Mark Zuckerberg Unveils His Vision for the Future of Facebook Privacy

Mark Zuckerberg smirking.

Photo: Chesnot/Getty Images

If you’re on Facebook to connect with friends and family but worry about the litany of privacy issues that dog social media, Mark Zuckerberg wants to allay your fears. The site’s co-founder and CEO posted a missive today regarding the future of Facebook privacy, noting his belief that, “the future of communication will increasingly shift to private, encrypted services where people can be confident what they say to each other stays secure and their messages and content won’t stick around forever. This is the future I hope we will help bring about.”

Zuckerberg outlined six principles around which his vision for Facebook would be built. In short, the new Facebook would include an increased focus on safety and encryption, smaller community groups within the Facebook network, better functionality in communicating across the various apps that Facebook owns, including Instagram, WhatsApp and Messenger, and reduced permanence, meaning stories and messages would be deleted after a certain amount of time.

The 34-year-old described the principles and the thinking behind them in the outline below:

Private interactions: People should have simple, intimate places where they have clear control over who can communicate with them and confidence that no one else can access what they share.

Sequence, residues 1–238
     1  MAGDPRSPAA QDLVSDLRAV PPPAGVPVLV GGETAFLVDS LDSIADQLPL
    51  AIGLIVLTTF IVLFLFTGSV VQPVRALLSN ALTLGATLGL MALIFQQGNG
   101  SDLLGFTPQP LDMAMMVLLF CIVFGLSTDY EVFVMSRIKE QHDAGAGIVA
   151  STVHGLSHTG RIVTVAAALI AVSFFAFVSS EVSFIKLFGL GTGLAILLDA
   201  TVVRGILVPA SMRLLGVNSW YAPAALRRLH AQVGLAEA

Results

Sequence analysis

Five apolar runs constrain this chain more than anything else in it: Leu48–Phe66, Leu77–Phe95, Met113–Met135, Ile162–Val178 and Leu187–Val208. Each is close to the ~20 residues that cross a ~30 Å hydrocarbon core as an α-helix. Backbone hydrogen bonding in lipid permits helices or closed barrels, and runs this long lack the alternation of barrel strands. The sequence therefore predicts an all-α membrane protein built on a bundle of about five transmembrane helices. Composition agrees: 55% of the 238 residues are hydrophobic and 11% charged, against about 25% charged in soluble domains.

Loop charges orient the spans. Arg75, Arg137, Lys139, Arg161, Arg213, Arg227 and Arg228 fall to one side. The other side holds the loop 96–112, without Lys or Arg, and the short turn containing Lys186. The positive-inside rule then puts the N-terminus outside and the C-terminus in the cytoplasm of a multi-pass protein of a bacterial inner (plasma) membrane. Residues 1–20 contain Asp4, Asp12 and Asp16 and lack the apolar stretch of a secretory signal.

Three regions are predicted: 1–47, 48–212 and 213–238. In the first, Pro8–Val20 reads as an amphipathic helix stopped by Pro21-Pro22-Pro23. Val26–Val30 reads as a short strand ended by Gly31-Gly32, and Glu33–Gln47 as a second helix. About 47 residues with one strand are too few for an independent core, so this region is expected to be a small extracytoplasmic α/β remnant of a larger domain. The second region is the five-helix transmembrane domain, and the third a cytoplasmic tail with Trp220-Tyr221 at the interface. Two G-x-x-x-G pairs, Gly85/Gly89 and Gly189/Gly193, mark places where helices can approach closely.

Encryption: People’s private communications should be secure. End-to-end encryption prevents anyone — including us — from seeing what people share on our services.

Reducing Permanence: People should be comfortable being themselves, and should not have to worry about what they share coming back to hurt them later. So we won’t keep messages or stories around for longer than necessary to deliver the service or longer than people want them.

Safety: People should expect that we will do everything we can to keep them safe on our services within the limits of what’s possible in an encrypted service.

Interoperability: People should be able to use any of our apps to reach their friends, and they should be able to communicate across networks easily and securely.

Secure data storage: People should expect that we won’t store sensitive data in countries with weak records on human rights like privacy and freedom of expression in order to protect data from being improperly accessed.

As the Washington Post notes, though, many social media users are likely to take Zuckerberg’s missive with a grain of salt.

“The announcement, in the midst of a crisis that Facebook is facing over the loss of public trust, comes with major risks and is also likely to be treated skeptically (sic),” Silicon Valley correspondent Elizabeth Dwoskin wrote. “Zuckerberg has promised to protect privacy before, but the company has landed itself in controversy after controversy.”

Time will tell whether Facebook users “like” the changes Zuckerberg has in store.